Feature Proposal - Voting - highway=scramble

From a native (so never as much authoritative as Wikipedia): The only essential defining properties of a Steig are: It it is narrow and it is not paved. It need not be steep, eg. when it runs on the contour line. Steepness is at best a property of the terrain, Steige are in. Where I live, we have lots of steep terrain, almost all of the terrain here is steep.

The maintainers of hiking trails in Austria are to take care, that what has the map signature of a Steig is at least 10 or 12 inch wide, so walking is always comfortable.

I see one problem: If you’d ask me, how to translate Steig into Englisch, I’d answer with certainty, In English, its called a path.

It also doesn’t say anywhere that any kind of hiking trail is excluded. And if you’re new to OSM and have a closer look, there’s only highway=track, footway and path that are useful combinations with sac_scale, including all values which involve hands. So the use of hands is not contradictory to the current definition and usage of path; for me this proposal would have changed that, which is one of the main points.

That was covered early in RfC: It allows double tagging. The result will be a more complicated version of a scramble=yes attribute on highway=path.

If it was only for the people, that want to keep the highway key clean, the proposal would have been accepted. The proposal failed, because too big a number of people obviously are happy with what they can do with path and did defend their use of it.

The suggestion from one of the opponents, to bring hiking map producers on board, so transition can be without downtime might be a game changer, but unfortunately is beyond my capabilities to organise such a roll-out.

If the feature was wider, perhaps 1m or so, I would call it a “Weg” in German, or a “way” in English. Most of what is mapped as a path in openstreetmap, we here call “Weg”, like Gehweg/footway, Radweg/cycleway, Reitweg/bridleway. Perhaps. our use of terms is not much different from English, with the notable exception of path, of course. The picture on the OSM Wiki for path does not show a Steig.

Nor does it show a “Pfad”. If you ask me, it shows a way. I rarely use Pfad/path, but when I do, only where the terrain is not steep. Maybe that is the reason, why I use it rarely.

Indeed it does not. All that is clear is that some hiking trails are included.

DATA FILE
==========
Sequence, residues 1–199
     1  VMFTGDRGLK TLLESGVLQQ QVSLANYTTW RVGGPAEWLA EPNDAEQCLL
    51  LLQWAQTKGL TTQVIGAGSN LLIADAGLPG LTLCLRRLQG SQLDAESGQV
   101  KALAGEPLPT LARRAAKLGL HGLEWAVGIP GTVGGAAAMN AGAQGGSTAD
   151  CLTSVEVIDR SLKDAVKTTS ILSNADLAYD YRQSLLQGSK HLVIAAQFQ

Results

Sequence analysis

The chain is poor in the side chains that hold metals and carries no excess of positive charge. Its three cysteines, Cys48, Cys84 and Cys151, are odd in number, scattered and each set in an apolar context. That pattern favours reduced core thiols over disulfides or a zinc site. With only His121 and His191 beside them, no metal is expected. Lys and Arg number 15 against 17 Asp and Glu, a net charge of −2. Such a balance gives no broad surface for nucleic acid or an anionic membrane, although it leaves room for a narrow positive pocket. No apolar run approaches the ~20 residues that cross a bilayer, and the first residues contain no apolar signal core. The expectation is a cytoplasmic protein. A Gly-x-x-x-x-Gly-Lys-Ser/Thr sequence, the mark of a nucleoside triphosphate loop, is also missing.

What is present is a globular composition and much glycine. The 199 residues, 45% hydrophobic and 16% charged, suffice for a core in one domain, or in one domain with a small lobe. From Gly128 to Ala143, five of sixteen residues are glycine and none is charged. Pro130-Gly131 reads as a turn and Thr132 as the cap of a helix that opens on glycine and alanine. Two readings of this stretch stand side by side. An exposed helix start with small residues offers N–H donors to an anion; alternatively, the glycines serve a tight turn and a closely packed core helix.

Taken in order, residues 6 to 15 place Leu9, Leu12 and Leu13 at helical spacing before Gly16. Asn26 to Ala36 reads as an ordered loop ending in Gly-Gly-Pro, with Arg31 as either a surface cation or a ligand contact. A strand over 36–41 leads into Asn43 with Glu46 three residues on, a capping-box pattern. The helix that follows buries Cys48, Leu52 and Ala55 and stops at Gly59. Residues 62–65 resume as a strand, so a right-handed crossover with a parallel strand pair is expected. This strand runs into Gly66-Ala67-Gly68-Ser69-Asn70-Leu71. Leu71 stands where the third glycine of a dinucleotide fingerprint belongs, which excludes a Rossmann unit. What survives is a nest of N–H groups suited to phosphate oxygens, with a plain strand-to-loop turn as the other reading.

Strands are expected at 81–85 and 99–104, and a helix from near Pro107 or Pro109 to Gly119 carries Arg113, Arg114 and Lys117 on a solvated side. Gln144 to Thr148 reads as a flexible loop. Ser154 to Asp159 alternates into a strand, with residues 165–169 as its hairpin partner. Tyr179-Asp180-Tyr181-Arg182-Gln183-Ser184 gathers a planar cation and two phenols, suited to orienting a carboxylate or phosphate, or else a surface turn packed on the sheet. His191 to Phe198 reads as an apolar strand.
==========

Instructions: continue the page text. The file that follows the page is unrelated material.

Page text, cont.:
I am not :slightly_smiling_face:

The difference I see is that the approval of highway=path + scramble=yes would be a clear statement that scrambles should be included within highway=path. Although an approval of route=scramble would allow for dual tagging with highway=path it could be made clear that this is considered an incorrect combination (at least eventually). However, a proposal tolerating such dual tagging during a transition period might gain more more support, as it would give data consumers time to adapt.

I can follow this thought. Going through though, I can only see a mechanical edit to heal the double tagging, perhaps disguised as an editor validator suggestion, to make it less obvious.

The main use of route=* is to refine relations type=route. Something else would IMO attract valid concerns.

There’s always the possibility to draw ways without tags and make them member of a hiking relation, but some may find it cumbersome.

Also creating double tagging with the view to solve it with a mechanical edit later is close to evil :japanese_ogre: :grinning:

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I suspect it would be easy to get a proposal to pass that is more generic than highway=scramble, I didn’t vote on it because that was my major issue with it too (what would be the next one, highway=ledge ?).

What we really need is a generic tag value* that will not be rendered “accidentally” (the main issue with adding more attributes to highway=path), and feels reasonably natural to add sac_scale or other difficulty scales to (this is assuming that untagged ways in a route will not fly). highway=climb would be my favorite, but highway=trail would work too. Both of these have the potential to be misunderstood one way or the other, but that is likely unavoidable.

* I would argue that the actual value is of no concern at all, and could just as well be “123456”, but we still have to give the thing a name that will be used for display and preset purposes.

** micromapping say a scramble as highway=climb climb=scramble would look fairly good to me.

*** and yes this is essentially highway=mountaineering without the implied “mountain” :slight_smile:


I’d be fine with “trail”. It sounds reasonably generic to go into the highway key, after all, trails will get people from A to B. Narrow and unpaved is too little to make it specific, more has to be specified. It was one of the first terms I looked at, before starting to develop scramble which took quite some turns :wink: If I understand correctly, it was once a contender for what is path now, Tag:highway=trail - OpenStreetMap Wiki - I guess then I stopped to pursue this. The work from then is not bad Proposed features/Trail (new proposal) - OpenStreetMap Wiki

Uh wait, wouldn’t this exactly be the problem? highway=trail sounds so generic that people may just use that tag for non-scrambling/non-climbing paths too. Just look at a random image search for “trail”: